Yet democratic politics and piety are not necessarily contradictions. Many Islamists have evolved significantly from their early days. In the 1970s and 1980s, the code word to describe them all was fundamentalist. [...] But Islamism is not always extremism.
So, one really can not generalize. But let us focus on the relevant question here: are there any really radical parts of political Islam that could create ideological fundaments for Jihadists? Bassam Tibi argues that it is the strive for implementing Islam as a political order that makes Islamism what it is. Here we find the gray zone between the political Islam, that wants to renew society according to the democratic and social principles of Islam, and pure Islamism, that simply wants to establish Islam as a state order: "I have found that most analysts do not understand this dimension. Instead they reduce Islamism to the notion of 'radical Islam' and overlook its quest for an Islamic order." As John Esposito explains, "Islamic law, not the religious commitment or moral character of the ruler [...] was the criterion for the legitimacy of an Islamic state." So, we identified one symbolic key target that indicates the success or failure of the establishment of Islam in politics to Islamists and outsiders alike: the implementation of Shari'ah law. Monte Palmer does make a quite simple distinction here between those who want to establish an Islamic government peacefully and those "wedded to the use of violence". But as we are, once again, interested in the gray zones in between, the question arises: What makes peaceful Islamists turn into violent Islamists?
2 Islamist terrorism: a characterization on the example of ISIS
2.1 Where and how did ISIS emerge?
The dramatic growth of the latest incarnation of international Islamist terror – ISIS – makes the last question evermore urgent, while at the same time providing some explanations. As Joby Warrick describes in "Black Flags", the rise of ISIS – as it is known today – began as early as in the Iraq war. A Jordanian radical named Abu Musab al-Zarqawi (1960-2006) used the U.S. Invasion of Iraq to start a jihad against the west and the Shiites that he hated above all: up until his death in a U.S. Air strike in 2006, he committed countless terrorist attacks in Iraq under the name "Al-Qaeda in Iraq (AQI)" or later "Islamic state in Iraq (ISI)".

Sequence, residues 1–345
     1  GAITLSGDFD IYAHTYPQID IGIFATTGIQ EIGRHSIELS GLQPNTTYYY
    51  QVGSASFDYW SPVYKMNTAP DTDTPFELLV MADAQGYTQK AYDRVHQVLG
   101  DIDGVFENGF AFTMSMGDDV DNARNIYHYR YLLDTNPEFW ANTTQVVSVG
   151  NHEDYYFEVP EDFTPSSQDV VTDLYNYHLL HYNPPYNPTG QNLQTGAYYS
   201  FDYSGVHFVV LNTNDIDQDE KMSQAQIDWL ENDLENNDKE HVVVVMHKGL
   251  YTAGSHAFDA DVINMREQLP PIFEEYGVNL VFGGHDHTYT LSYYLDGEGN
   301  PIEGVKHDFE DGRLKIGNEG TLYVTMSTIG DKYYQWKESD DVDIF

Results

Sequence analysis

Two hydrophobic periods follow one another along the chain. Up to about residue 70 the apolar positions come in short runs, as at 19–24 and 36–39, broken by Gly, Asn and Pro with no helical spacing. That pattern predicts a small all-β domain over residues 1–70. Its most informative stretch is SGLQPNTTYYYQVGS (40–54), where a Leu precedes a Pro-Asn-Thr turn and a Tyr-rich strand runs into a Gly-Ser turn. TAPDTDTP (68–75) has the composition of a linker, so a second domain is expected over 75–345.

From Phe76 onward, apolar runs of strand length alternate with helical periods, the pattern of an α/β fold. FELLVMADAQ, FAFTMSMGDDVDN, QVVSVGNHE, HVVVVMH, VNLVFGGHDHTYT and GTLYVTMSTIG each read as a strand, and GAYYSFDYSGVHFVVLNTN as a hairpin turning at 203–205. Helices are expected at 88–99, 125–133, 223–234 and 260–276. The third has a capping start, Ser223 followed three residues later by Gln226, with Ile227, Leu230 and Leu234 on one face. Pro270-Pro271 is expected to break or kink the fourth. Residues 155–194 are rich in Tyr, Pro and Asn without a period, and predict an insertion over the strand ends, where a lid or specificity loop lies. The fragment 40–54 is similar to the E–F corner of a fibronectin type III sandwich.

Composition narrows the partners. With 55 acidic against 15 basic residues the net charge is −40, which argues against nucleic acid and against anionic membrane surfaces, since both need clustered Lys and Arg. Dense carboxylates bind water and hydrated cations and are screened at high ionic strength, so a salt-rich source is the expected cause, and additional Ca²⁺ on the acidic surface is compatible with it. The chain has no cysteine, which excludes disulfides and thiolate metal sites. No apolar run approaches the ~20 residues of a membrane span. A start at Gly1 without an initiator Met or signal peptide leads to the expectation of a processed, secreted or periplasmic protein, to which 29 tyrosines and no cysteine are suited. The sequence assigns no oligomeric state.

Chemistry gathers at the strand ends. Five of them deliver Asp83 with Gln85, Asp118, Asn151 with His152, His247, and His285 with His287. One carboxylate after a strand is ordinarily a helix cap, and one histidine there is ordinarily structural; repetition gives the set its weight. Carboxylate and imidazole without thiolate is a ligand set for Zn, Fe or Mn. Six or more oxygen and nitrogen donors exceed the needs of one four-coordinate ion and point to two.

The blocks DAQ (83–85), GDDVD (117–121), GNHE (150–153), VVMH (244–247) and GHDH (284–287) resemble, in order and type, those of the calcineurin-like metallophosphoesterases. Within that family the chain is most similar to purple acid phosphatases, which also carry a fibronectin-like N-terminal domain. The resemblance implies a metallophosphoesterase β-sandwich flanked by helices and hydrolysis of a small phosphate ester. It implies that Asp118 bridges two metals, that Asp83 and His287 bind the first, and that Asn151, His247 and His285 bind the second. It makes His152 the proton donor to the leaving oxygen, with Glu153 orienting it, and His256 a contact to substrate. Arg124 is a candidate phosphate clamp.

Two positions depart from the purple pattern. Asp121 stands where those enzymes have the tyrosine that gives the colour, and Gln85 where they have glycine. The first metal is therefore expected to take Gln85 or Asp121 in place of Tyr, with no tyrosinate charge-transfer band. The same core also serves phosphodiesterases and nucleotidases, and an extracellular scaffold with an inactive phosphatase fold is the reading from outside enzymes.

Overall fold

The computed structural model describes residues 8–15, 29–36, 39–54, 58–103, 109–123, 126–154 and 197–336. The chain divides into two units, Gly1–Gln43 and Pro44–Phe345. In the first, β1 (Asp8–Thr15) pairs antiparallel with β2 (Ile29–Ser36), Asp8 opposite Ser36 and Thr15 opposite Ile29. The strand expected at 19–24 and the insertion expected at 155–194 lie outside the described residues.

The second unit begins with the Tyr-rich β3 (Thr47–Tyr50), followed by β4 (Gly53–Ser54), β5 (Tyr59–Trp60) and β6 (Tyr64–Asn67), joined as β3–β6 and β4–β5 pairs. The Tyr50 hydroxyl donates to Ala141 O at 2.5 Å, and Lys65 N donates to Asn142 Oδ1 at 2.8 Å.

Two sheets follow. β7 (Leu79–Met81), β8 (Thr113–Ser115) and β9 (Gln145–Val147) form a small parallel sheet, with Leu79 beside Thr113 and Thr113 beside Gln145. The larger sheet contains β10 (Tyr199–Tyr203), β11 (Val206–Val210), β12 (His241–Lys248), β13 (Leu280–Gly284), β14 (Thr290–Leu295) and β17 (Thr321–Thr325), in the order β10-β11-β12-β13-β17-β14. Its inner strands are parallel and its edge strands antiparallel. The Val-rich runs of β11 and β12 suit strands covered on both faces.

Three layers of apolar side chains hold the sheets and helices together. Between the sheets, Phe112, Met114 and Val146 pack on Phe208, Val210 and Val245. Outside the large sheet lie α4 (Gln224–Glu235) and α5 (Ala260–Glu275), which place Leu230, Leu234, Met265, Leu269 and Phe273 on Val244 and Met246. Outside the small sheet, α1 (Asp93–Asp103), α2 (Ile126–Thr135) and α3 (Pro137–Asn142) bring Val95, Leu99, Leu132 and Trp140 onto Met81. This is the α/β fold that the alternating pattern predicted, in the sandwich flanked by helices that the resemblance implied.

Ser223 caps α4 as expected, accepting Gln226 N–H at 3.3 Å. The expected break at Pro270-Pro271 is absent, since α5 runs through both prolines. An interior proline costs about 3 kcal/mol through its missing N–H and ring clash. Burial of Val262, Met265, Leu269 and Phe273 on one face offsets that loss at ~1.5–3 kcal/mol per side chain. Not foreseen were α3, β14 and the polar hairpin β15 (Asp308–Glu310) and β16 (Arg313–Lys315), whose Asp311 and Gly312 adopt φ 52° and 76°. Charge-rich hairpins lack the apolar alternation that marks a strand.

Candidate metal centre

1 Barakat, Halim. The Arab World: Society, Culture, and State. Berkeley, Los Angeles and London: University of California Press, 1993.
2 Ibid., p. 256.
4 Ibid., p. 257-265.
5 Ibid., p. 258.
7 Palmer, Monte. Islamic extremism: Causes, diversity, and challenges. Lanham, MD: Rowman & Littlefield Publishers, Inc, 2008, p. 37.
8 Barakat, The Arab world, p. 259.
9 Wright, Robin B. The Islamists are coming: Who they really are. Washington, DC: Woodrow Wilson Center Press: United States Institute of Peace Press, 2012, p. 2.
10 Tibi, Bassam. Islamism and Islam. New Haven and London: Yale University Press, 2012.
11 Ibid., p. 31.
12 Esposito, John L. Islam and politics. Syracuse, N.Y.: Syracuse University Press, 1998.
13 Ibid., p. 31.
14 Palmer, Islamic Extremism, p. 37.
15 Warrick, Joby. Black Flags: The Rise of ISIS. New York City: Doubleday, 2015.